Car-nee-val is very sweet
Don’t stop de car-nee-val
Come for the bonefish, stay for the hog-roping
[by Jerry Gibbs]
FROM THE DOCK, chef Marie gently dispersed breakfast dregs under a morning sky made of tarnished lead. Gray snappers, big ones, boiled and frothed the gray water, squirting off like street dogs mouthing knuckle-size balls of bread. At night, under the lights, these dock fish are noticeably less interested in our flies and jigs. Other fish come at night, too. One first-time visitor to Great Abaco Island, and the eponymous lodge where Marie feeds her snappers, had never caught a truly large fish on a fly. He cast to the intersection of electric light and tropical dark, and was shocked when a tarpon ate. He landed it, too, untroubled by the lemon sharks that also patrol the shadow line. One night Bruce, my afternoon skiff partner, drifted a gray snapper on a circle hook along that line and found himself listening to his reel losing most of its line and to his wife, on the mobile, describing domestic disasters 3,000 miles away.
“Fresh puff-holes of feeding bonefish riddled the bottom, the current fanning sediment like spilled urn ashes to show the direction the fish were traveling.”
Gray, more than 50 shades of it, had been the daily weather since our arrival, making for skies as marbled as Akro Agates, wicked-tough sight fishing, and insouciant (to say the least) bonefish,. Paul Pinder, Abaco Lodge’s elder statesman in the guide pool, said that during such weather the fish eat only if they have to. “They’ll hang,” he said, “not doing much, then glide over the flats.”
Bear in mind that we’re talking about the normally sure-bet Marls, that 300-square-mile sweep of outback flats and mangrove islets on Abaco’s west side. This area was off anglers’ radar until 1994, when relentless local tourist promoter Nettica Symonette decided that her Different of Abaco lodge in the island’s south needed skiff access to this western wilderness. In a move that would amaze even the old-guard Army Corps of Engineers, she had a 100-foot channel—now known as Nettie’s Ditch—bulldozed through friable bottom to deeper water, thus opening the Marls to her guides.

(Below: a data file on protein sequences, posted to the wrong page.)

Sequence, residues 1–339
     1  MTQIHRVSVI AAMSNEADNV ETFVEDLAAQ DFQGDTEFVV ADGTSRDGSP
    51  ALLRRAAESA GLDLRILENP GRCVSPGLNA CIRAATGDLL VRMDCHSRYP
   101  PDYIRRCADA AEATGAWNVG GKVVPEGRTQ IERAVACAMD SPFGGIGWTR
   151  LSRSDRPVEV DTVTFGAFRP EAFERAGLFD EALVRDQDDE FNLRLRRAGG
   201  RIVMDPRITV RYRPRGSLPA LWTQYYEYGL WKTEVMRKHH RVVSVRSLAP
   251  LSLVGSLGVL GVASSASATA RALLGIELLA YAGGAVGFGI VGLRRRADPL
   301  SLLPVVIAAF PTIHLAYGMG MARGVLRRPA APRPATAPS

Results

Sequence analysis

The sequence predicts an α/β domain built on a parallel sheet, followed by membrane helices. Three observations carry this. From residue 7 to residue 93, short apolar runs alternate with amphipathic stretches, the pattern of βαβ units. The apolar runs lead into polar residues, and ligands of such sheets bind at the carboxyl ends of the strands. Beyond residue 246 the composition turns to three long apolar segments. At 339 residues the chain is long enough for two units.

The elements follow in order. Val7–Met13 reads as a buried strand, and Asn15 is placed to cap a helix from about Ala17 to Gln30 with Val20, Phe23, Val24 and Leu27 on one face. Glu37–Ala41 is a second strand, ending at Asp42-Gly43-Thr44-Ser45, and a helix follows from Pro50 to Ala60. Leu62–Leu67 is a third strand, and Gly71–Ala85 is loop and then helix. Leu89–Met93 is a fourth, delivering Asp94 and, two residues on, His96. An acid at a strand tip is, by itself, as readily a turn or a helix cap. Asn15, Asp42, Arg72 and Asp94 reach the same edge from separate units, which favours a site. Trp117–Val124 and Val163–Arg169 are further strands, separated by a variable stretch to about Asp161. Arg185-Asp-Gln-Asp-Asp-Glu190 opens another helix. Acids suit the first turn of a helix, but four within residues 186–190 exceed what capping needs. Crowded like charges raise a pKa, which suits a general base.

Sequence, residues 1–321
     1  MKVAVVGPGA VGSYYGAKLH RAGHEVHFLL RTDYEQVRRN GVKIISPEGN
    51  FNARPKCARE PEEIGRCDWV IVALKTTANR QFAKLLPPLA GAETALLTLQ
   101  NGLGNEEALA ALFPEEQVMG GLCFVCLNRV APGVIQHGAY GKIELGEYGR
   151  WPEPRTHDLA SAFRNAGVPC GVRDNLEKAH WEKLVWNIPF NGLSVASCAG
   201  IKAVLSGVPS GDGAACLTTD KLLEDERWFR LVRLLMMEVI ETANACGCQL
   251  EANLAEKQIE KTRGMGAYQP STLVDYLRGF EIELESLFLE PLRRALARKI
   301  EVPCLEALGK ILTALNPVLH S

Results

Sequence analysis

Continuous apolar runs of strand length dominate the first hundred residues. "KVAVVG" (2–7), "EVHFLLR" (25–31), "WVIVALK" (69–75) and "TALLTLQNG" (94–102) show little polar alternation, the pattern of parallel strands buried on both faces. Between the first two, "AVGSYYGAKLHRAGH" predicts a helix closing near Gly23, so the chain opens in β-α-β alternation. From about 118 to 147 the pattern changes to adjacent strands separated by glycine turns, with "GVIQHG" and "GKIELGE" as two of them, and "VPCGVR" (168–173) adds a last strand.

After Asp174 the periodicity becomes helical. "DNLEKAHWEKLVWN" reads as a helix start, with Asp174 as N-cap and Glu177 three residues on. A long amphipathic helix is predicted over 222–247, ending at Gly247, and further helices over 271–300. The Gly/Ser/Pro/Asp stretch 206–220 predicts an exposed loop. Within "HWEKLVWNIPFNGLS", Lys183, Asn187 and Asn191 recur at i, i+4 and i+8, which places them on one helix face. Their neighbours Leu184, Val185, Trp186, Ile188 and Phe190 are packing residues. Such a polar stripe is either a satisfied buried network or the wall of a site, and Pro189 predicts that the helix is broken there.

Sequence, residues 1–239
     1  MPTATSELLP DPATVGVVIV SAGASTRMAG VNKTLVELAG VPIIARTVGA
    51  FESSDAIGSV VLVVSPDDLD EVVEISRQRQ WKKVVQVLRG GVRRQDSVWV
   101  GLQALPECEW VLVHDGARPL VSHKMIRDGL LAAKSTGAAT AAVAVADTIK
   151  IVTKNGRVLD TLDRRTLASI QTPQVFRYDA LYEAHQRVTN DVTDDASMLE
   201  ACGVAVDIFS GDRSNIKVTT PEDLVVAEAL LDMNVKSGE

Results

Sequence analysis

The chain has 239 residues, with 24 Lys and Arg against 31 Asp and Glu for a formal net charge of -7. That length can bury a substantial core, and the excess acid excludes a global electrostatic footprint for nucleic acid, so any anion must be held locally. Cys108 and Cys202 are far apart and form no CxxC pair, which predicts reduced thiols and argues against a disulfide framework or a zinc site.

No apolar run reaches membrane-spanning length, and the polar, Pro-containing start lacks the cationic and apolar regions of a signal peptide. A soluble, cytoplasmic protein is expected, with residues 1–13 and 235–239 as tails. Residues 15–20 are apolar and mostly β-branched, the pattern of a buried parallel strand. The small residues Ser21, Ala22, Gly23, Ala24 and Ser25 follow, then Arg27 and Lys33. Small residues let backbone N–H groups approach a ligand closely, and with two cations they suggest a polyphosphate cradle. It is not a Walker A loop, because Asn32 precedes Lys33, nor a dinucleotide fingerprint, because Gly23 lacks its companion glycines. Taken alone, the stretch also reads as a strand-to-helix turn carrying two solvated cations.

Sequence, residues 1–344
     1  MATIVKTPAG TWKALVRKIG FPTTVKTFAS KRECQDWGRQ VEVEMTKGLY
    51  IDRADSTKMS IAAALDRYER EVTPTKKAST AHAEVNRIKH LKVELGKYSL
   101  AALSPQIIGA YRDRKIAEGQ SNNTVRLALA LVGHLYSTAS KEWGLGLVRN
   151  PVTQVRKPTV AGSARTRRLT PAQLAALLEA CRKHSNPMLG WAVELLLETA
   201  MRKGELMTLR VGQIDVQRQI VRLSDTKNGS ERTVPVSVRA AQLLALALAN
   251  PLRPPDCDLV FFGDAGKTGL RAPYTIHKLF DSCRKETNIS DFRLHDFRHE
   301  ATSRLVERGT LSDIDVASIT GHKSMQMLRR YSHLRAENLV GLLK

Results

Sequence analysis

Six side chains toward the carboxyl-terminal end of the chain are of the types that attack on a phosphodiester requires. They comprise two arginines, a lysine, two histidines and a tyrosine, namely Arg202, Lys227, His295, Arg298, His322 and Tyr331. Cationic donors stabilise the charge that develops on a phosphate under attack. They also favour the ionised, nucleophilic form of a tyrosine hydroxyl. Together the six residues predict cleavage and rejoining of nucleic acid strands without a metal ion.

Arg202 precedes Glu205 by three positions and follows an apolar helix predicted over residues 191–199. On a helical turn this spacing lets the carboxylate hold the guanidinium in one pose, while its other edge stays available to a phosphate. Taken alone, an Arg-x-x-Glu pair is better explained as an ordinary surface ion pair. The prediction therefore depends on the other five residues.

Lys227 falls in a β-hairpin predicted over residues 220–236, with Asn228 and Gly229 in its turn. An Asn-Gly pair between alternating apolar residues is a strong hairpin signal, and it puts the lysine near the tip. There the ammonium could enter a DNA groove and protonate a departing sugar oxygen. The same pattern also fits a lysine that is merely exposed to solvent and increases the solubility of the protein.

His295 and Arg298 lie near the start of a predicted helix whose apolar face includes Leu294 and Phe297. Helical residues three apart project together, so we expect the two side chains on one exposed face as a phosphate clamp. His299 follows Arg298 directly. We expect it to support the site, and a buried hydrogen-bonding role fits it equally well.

Nettie’s operation is gone now. Today, although three established lodges—Abaco, Blackfly, and Delphi Club (the latter two located in the south)—fish the Marls, you’ll rarely see another skiff during a day on the water. Only Abaco Lodge gives direct Marls access, but I’m told by managers Anne and Ken Perkinson that the other operations are mutually cooperative on fishing areas.
You might think the expanse of Marls would be prime nursery grounds for juvenile bonefish as well as a range of sexually mature specimens (which, interestingly, can be as small as 15 inches). But it isn’t. Ongoing studies on Abaco and Eleuthera funded mainly by the Bonefish & Tarpon Trust show that baby bones don’t use the tidal flats or the mangrove creeks but instead focus on shallow protected shorelines close to deeper channels or basins. The little guys have also figured out that there is safety in numbers. They consistently run with much larger schools of yellow mojarra (called shad in the Bahamas), greatly reducing predation on the young bones.